“After 22 million missed calls last year amongst other issues, there are many Australian’s accessing income support of some form, be it Family Tax Benefit, Paid Parental Leave, Disability Support Pension, Youth Allowance, Newstart, Carers Allowance, who feel extremely frustrated,” Senator Siewert said.

 

“The missed calls are just the tip of the iceberg,” she added.

Monday 27th June 2016 - 9:17 am
Comments Off on PM’s speech: the lustre and bluster

PM’s speech: the lustre and bluster

by Alan Thornhill

Anlysis

 

 

 

Malcolm Turnbull’s policy speech yesterday was a polished performance.

 

He managed to suggest, for example, that something very like the Brexit disaster could well sink Australia, too, if we don’t vote the right way on July 2.

 

Without actually saying so.

 

So is there a danger, in his message that might not be immediately apparent?

 

Arguably.

 

Is the lustre, of his carefully crafted message, for example, brighter than its bluster?

 

The Prime Minister assured voters, constantly, throughout his speech, that his Coalition has a plan to deal with all eventualities, that might arise over the next three years.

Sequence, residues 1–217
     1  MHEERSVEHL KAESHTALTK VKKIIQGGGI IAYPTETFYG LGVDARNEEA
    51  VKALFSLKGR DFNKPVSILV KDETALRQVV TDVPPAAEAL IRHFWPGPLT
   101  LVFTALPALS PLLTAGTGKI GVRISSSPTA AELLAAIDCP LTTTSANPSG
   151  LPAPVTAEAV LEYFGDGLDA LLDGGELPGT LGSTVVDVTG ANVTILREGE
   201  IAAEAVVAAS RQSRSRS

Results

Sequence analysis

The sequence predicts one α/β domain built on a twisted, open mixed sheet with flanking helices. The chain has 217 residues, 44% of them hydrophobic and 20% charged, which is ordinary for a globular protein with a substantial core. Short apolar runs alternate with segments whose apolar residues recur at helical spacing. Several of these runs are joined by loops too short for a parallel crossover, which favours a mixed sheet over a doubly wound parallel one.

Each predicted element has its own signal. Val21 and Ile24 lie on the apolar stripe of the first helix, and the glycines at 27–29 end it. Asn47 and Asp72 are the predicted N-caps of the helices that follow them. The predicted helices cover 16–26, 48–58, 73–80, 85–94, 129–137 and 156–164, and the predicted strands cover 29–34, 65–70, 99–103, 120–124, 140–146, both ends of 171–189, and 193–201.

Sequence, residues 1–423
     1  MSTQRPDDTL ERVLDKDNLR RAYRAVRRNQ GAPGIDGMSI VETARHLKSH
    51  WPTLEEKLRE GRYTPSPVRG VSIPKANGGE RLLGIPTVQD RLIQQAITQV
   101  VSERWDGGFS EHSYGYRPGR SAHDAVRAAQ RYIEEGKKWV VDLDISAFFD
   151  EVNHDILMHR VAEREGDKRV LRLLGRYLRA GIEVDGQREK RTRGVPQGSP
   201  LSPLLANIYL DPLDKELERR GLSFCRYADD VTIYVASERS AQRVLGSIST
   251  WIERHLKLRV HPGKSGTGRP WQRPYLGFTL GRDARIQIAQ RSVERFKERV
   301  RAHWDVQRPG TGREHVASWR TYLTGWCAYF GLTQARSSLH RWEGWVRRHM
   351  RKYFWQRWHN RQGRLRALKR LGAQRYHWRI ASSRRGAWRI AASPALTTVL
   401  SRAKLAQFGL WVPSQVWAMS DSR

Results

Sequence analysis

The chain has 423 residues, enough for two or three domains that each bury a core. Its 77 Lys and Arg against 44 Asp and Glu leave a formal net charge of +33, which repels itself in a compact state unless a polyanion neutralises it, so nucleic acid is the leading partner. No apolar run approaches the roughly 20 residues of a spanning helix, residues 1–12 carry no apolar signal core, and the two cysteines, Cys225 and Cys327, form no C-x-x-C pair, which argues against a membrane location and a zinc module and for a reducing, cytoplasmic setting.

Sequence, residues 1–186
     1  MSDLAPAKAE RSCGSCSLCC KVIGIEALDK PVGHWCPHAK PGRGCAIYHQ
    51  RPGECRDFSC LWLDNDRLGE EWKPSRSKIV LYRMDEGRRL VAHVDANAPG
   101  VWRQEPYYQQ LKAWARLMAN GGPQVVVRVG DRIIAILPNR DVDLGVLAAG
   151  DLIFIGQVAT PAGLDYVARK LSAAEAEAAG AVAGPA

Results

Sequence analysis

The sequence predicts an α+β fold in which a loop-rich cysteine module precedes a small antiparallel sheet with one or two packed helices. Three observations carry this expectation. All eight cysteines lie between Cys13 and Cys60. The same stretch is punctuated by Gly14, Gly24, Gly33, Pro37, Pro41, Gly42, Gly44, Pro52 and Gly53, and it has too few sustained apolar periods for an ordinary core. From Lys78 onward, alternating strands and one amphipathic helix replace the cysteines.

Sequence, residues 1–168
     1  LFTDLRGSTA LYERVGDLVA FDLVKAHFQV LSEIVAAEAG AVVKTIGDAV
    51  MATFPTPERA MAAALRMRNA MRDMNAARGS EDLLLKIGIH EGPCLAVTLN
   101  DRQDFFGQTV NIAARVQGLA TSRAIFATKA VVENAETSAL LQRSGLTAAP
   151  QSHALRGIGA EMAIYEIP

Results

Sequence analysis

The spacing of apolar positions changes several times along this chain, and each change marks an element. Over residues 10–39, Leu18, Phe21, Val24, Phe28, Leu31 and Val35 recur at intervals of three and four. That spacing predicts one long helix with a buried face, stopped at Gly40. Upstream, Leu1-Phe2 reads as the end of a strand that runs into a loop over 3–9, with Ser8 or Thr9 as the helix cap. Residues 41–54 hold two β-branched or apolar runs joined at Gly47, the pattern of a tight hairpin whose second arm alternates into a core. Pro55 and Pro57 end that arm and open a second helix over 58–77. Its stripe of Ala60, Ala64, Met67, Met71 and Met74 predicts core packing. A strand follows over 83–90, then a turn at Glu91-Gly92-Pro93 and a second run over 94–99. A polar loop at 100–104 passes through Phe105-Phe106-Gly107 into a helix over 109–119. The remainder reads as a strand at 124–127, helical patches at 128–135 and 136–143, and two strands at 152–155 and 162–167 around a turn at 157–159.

Without saying, too specifically, what it was

 

He also boasted that some 300,000 new jobs had been created, on his government’s watch.

 

Without mentioning that most of them are part time positions, with pay rates that don’t cover grocery bills

 

This has left many Australians, particularly the young and the old, without a place in Australia’s modern work-force

 

So it might well be worth looking again at just what the Turnbull forces are planning to do, as well as what Mr Turnbull, himself, is actually saying.

 

Tax cuts, both for Australians on high incomes – and the big corporates – are at the heart of his plan.

 

It may well be worth remembering, at this point, that much of the vote for Britain’s exit, from the EU, came from poor areas, in Britain’s north.

 

That is  from the very people who have suffered most, over the years, from the austerity that came with Thatcherism, and its successors.

 

Eminent economists, like America’s Paul Krugman are not impressed by arguments that rising wealth for the rich will produce more jobs for the poor.

 

Krugman says that’s like relying on “the austerity fairy” to overcome unemployment.

 

However that argument still appeals, even if its strongest appeal is to those who benefit most from it.

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Alan Thornhill

Alan Thornhill is a parliamentary press gallery journalist.